Federal authorities have launched an investigation after numerous aircraft were hit by laser beams Wednesday night.
More than 20 aircraft were struck while in flight over at least 16 U.S. cities, according to a statement from the Federal Aviation Administration. Authorities said three laser strikes were reported to the FAA in the New York City area, followed by three near Dallas that hit jets as they were preparing to land.
“None of the pilots reported injuries,” authorities said in a statement to The Post. “Nevertheless, shining a laser at an aircraft is a federal crime that the U.S. vigorously pursues. Lasers distract pilots from their safety duties and can lead to temporary blindness during critical phases of flight, such as takeoff and landing. In some cases in the past, pilots have reported eye injuries that required medical treatment.”
The FAA said that more than 5,300 laser strikes have been reported across the United States so far this year.
About 5 p.m. Wednesday, a TV news helicopter for WNBC-TV in New York was hit by a laser beam while in flight near the Barclays Center in Brooklyn, the New York Police Department said in a statement. The pilot alerted the tower at LaGuardia Airport, which reported the incident to the NYPD Aviation Unit.
Authorities responded on the ground and arrested two men. One person was later charged with reckless endangerment, police said.
Around the same time, pilots for other TV news station choppers — WABC-TV and WCBS-TV — made similar reports, according to WCBS-TV. A pilot for WCBS-TV told the station he saw the beams while flying over the Park Slope neighborhood in Brooklyn.
“When we were looking there, we got lasered,” the pilot, Joe Biermann, told the station. At the same time, he said, “the NYPD was right next to us, so they hovered above the place.”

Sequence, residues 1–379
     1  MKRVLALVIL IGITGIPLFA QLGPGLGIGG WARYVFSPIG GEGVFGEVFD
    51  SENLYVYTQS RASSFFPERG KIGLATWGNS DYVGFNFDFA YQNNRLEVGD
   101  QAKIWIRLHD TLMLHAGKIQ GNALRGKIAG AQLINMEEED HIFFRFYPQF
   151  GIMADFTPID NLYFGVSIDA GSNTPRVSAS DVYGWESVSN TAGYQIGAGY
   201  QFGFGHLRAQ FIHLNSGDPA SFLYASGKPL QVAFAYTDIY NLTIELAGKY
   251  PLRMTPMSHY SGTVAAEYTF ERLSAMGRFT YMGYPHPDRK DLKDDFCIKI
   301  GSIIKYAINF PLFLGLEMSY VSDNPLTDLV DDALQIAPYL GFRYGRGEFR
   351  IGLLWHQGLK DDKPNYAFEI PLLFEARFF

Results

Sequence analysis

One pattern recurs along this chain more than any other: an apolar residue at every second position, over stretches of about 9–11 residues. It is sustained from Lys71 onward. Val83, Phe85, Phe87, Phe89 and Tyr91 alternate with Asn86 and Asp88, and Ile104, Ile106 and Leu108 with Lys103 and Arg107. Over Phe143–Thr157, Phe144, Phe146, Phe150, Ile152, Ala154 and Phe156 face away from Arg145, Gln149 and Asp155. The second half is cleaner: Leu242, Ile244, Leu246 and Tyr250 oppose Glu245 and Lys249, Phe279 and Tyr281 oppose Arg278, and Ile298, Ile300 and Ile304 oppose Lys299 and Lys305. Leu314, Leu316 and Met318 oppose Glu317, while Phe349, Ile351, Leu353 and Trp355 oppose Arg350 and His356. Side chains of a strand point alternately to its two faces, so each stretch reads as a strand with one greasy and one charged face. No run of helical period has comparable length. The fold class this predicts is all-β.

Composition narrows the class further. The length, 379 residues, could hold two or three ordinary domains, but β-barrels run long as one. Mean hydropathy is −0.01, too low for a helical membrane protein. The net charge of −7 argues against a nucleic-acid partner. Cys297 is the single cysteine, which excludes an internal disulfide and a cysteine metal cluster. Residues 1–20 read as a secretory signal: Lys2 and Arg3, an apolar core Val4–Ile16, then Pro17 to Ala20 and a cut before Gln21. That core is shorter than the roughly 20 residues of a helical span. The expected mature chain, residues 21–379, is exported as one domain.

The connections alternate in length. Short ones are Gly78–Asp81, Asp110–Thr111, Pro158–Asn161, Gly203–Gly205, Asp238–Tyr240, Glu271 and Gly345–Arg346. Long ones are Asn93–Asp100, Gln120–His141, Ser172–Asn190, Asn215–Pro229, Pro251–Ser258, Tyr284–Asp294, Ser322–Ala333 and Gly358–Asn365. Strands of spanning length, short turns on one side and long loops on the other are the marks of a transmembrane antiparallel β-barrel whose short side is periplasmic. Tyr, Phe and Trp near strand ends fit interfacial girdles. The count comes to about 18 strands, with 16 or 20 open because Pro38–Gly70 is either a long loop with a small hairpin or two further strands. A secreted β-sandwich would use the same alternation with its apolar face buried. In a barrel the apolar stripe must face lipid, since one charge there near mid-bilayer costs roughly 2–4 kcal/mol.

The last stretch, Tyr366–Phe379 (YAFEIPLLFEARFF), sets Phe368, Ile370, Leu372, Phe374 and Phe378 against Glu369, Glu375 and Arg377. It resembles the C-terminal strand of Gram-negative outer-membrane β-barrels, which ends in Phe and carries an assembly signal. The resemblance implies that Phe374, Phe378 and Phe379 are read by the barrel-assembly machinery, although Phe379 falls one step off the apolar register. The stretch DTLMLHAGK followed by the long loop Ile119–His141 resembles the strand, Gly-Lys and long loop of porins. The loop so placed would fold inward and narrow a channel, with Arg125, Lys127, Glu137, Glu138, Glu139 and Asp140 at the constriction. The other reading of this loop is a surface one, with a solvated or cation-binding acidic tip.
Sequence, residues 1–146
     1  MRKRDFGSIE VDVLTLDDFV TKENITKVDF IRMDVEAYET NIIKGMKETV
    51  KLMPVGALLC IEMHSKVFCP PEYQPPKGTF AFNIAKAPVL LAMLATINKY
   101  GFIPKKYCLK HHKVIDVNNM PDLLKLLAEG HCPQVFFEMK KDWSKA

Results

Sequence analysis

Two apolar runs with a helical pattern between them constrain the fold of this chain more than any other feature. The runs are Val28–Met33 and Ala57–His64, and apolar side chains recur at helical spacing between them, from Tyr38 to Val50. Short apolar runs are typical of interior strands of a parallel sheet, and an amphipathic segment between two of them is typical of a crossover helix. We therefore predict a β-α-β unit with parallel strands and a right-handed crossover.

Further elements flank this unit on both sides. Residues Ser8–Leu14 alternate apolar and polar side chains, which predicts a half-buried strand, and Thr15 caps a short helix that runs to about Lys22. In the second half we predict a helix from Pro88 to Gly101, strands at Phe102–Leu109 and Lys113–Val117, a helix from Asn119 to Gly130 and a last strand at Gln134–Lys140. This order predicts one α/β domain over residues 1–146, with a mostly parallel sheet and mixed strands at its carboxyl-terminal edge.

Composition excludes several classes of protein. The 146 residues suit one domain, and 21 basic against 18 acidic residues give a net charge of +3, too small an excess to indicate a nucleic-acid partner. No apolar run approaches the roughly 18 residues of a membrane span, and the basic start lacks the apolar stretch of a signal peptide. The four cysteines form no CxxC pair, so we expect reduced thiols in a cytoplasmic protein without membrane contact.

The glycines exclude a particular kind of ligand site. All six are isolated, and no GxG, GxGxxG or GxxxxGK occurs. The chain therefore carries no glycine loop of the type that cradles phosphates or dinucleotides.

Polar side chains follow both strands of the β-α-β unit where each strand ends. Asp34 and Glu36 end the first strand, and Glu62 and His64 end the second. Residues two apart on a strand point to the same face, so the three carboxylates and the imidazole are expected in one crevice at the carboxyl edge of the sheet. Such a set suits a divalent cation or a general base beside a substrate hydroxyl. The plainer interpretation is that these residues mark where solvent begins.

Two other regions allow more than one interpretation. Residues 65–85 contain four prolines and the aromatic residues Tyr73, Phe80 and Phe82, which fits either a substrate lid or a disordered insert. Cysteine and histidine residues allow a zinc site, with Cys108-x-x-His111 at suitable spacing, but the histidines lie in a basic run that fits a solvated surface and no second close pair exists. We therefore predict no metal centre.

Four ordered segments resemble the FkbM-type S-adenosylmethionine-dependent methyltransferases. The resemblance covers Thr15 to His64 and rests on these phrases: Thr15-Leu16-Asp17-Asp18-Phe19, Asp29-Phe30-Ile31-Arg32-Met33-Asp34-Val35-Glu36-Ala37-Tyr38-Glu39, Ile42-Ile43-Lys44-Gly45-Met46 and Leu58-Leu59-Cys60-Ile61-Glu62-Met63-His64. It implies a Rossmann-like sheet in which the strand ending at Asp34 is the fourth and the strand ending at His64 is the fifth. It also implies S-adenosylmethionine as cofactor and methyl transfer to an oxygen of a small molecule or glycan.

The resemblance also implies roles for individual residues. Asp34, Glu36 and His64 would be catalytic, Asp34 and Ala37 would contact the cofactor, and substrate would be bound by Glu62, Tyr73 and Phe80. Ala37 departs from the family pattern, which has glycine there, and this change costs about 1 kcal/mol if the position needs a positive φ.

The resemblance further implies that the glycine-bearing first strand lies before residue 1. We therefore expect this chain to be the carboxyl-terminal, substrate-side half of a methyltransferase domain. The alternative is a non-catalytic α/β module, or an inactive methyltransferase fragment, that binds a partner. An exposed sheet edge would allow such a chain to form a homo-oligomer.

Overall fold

In Dallas, three planes, including a Southwest Airlines plane and a private business jet, were hit by laser beams while preparing to land at Dallas Love Field, according to the Dallas Morning News.
The other laser strikes were reported in Los Angeles, Sacramento, Oakland, Ontario and Palm Springs, Calif.; St. Petersburg, Fla.; Springfield, Ill.; Covington and Danville, Ky.; Detroit; Albuquerque; Jamestown, N.Y.; Salt Lake City; and San Juan, Puerto Rico.
Laser beams can travel more than a mile from the ground to the cockpit, momentarily blinding pilots in flight.
Capt. Joe DePete, first vice president from the Air Line Pilots Association, told The Washington Post over the summer that lasers are most dangerous when pilots are trying to take off or land.
“During critical phases of flight, particularly in hours of darkness when the eye is more sensitive to light sources,” he said, “a laser strike in the cockpit can create a ‘startle response’ which negatively impacts pilot health and flight safety.”
This story has been updated.